As for the first major expansion of ANE into Europe, here's an interesting map that I spotted in one of the online discussions on the paper, which shows the spread of microblade technology in almost all directions from around Lake Baikal just after the LGM (source). Among other things, it offers a very attractive explanation for the presence of ANE in Mesolithic Sweden, as well as the current distributions of Y-chromosome haplogroups R and Q (note that MA-1 belonged to R, which is the brother clade of Q).

But the problem with this scenario is the tight phylogenetic relationship between ANE and WHG. If the former expanded after the LGM from a refugium in South Siberia, then why is it so closely related to the latter, which presumably recolonized Europe from a Southern European LGM refugium, basically at the opposite end of Eurasia?

There also have been a lot of comments online about the potential correlations between ANE and certain clusters generated from modern samples with the ADMIXTURE software. I think it's obvious from just looking at the ADMIXTURE bar graph from Lazaridis et al. that ANE is linked in one way or another to the clusters that peak in Northeastern Europe, the North Caucasus, and South Central Asia (especially among the Indo-Iranian Kalash).

Below is the bar graph from the optimal ADMIXTURE run, the K=16. Note that ANE proxy MA-1 mostly shows membership in the cream and light blue clusters, which peak among the Kalash and Lithuanians, respectively. Click on the image to enlarge.

The Kalash-centered cluster, which actually first appears at K=14, and is more or less repeated in four runs, is particularly interesting, because it shows fairly similar distribution patterns to ANE. Note, for instance, that after South Central Asia it reaches its highest levels in the North Caucasus, which is where ANE also shows a major peak today (see here). Moreover, in Europe it's most pronounced in the east and north, but appears at comparatively trivial levels among the Basques, southern French and Pais Vasco Spaniards, and doesn't show up at all among Sardinians or the ancient European genomes.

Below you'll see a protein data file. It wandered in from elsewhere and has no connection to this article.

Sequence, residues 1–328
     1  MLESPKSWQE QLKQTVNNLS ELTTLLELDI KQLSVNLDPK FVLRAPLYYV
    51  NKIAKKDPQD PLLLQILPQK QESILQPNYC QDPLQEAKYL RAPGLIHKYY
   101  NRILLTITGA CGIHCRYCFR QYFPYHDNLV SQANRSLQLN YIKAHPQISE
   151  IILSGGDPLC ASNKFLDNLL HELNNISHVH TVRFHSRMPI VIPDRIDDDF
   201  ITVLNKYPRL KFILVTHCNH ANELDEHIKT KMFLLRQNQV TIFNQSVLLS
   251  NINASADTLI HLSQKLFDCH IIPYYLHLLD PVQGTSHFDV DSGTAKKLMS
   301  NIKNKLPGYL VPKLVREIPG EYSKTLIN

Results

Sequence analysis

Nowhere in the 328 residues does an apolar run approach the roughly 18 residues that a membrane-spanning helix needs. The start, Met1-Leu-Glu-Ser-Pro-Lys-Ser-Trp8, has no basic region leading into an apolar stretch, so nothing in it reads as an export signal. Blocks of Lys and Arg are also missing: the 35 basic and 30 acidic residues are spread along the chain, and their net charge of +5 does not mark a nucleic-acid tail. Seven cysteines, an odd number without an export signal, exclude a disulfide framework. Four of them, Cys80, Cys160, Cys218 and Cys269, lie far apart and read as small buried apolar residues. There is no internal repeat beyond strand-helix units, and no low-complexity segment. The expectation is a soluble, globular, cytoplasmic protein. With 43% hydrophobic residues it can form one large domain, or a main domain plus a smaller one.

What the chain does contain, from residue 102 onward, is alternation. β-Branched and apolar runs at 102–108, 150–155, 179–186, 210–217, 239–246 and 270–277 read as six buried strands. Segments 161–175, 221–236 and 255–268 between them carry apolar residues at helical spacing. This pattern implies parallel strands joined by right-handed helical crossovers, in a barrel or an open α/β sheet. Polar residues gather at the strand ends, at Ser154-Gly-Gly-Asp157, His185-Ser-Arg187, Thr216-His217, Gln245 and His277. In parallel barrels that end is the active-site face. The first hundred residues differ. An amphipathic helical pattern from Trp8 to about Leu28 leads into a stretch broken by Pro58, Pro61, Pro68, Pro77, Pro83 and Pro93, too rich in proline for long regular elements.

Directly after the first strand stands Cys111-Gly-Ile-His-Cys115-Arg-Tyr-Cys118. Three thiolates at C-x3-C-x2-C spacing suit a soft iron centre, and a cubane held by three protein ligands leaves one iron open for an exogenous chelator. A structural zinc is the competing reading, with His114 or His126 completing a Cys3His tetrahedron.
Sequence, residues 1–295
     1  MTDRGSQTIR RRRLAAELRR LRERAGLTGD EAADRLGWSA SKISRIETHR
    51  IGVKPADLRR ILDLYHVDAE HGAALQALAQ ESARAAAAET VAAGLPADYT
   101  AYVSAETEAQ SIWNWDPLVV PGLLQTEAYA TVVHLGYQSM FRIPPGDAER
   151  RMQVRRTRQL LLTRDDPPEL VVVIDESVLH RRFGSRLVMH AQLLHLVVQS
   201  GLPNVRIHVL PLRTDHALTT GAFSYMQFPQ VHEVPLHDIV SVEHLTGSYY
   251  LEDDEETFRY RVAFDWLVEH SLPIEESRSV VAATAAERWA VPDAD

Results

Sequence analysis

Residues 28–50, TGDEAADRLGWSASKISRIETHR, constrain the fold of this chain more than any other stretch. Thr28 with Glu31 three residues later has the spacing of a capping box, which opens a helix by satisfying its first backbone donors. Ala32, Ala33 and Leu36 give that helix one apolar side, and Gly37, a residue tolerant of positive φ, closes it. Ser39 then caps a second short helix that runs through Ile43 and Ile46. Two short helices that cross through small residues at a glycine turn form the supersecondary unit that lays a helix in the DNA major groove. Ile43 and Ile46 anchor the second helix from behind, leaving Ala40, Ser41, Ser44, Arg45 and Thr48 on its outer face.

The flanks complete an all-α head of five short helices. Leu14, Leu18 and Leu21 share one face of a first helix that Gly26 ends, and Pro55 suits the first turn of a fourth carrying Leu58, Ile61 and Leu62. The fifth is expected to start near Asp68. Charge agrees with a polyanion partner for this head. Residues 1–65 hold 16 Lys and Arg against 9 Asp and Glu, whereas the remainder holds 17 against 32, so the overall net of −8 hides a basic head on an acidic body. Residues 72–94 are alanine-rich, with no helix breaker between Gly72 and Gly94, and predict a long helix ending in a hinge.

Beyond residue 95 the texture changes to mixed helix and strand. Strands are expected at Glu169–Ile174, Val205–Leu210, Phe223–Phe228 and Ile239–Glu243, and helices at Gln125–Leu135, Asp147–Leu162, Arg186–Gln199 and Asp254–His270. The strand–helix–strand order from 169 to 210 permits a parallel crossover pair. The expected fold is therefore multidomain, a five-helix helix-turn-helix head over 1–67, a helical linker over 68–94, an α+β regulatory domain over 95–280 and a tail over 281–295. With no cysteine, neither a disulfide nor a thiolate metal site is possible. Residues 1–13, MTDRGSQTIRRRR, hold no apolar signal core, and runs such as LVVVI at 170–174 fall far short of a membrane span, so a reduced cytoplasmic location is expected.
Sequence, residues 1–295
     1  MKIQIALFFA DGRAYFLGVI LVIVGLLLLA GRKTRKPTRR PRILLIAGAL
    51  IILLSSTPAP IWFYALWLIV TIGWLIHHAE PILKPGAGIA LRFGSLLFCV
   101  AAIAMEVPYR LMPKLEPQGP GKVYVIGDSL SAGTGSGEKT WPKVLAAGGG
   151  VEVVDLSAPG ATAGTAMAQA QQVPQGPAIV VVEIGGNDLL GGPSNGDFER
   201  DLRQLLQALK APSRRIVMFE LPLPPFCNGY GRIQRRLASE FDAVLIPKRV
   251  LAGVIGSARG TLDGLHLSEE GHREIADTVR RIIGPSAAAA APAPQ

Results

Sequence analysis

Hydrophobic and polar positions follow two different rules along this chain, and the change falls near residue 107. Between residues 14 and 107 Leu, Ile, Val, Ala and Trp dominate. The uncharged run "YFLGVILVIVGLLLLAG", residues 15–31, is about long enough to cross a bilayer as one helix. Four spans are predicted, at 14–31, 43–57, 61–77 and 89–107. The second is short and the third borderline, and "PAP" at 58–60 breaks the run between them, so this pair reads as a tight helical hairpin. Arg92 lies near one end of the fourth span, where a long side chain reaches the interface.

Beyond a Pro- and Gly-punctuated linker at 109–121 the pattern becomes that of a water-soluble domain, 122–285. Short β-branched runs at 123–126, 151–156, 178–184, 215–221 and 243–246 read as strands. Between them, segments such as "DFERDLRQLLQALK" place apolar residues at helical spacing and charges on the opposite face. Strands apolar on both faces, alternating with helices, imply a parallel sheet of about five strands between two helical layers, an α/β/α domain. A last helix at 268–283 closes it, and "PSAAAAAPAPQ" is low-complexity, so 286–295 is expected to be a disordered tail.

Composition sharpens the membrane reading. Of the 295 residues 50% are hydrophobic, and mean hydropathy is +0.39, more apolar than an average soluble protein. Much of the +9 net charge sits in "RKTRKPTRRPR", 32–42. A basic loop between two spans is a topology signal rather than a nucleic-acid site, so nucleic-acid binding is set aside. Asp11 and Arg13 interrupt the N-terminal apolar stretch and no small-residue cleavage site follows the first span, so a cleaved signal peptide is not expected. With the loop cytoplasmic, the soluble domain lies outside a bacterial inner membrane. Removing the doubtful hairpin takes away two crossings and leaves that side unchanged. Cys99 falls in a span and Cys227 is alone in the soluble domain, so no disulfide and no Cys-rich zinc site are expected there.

However, it's often very difficult to make inferences about ancient population movements from ADMIXTURE results, and I think this is one of those cases. Just because this cluster peaks among the Kalash, doesn't mean that it has its origins within this group, or even in Asia. I'd say the most plausible explanation for its existence is that it represents ANE that expanded rapidly across Eurasia, probably during the early Indo-European dispersals, and today reaches its higher frequencies among some of the most isolated and genetically drifted recipients of this ANE gene flow (ie. those in the Caucasus and Hindu Kush).

By the way, the difference in ANE levels between southwestern Europeans and most other West Eurasians clearly shows on my own PCA and MDS maps. Below is the latest Eurogenes PCA of West Eurasia from a few months ago. Note the pronounced eastern shift among almost all the samples relative to the Basques, Pais Vasco Spaniards, and Sardinians. As per the f4 graph above, only in some instances is this shift also the result of significant ENA ancestry.

It's incredible what a few ancient genomes can add to the context of these sorts of analyses using modern DNA. I didn't really know what was causing this eastern shift when I posted the PCA, and guessed that it might simply be a lack of Mediterranean ancestry across Northern and Eastern Europe (see here).

I also just noticed that Razib posted two articles on the pigmentation traits of the ancient individuals (see here and here). The sample is tiny, but looking back, the fact that the Loschbour hunter-gatherer probably had blue eyes and dark skin, while, on the other hand, the Stuttgart farmer had relatively light skin, is actually quite remarkable.

We'll have a major story on our hands if several other hunter-gatherer genomes come back with similar results. It's just not something anyone would've predicted from modern DNA. Apart from that, there's also the slight shock factor of learning that our not too distant indigenous European ancestors were probably of a deep shade of brown. Imagine that, Europe might have only really lightened up and become white after Near Eastern migrants made their way over. Well, let's wait and see.


Iosif Lazaridis, Nick Patterson, Alissa Mittnik, et al., Ancient human genomes suggest three ancestral populations for present-day Europeans, bioRxiv, Posted December 23, 2013, doi: 10.1101/001552

Raghavan et al., Upper Palaeolithic Siberian genome reveals dual ancestry of Native Americans, Nature, (2013), Published online 20 November 2013, doi:10.1038/nature12736

Carpenter et al., Pulling out the 1%: Whole-Genome Capture for the Targeted Enrichment of Ancient DNA Sequencing Libraries, The American Journal of Human Genetics (2013),

See also...

Ancient human genomes suggest (more than) three ancestral populations for present-day Europeans

The really old Europe is mostly in Eastern Europe

EEF-WHG-ANE test for Europeans

Mesolithic genome from Spain reveals markers for blue eyes, dark skin and Y-haplogroup C6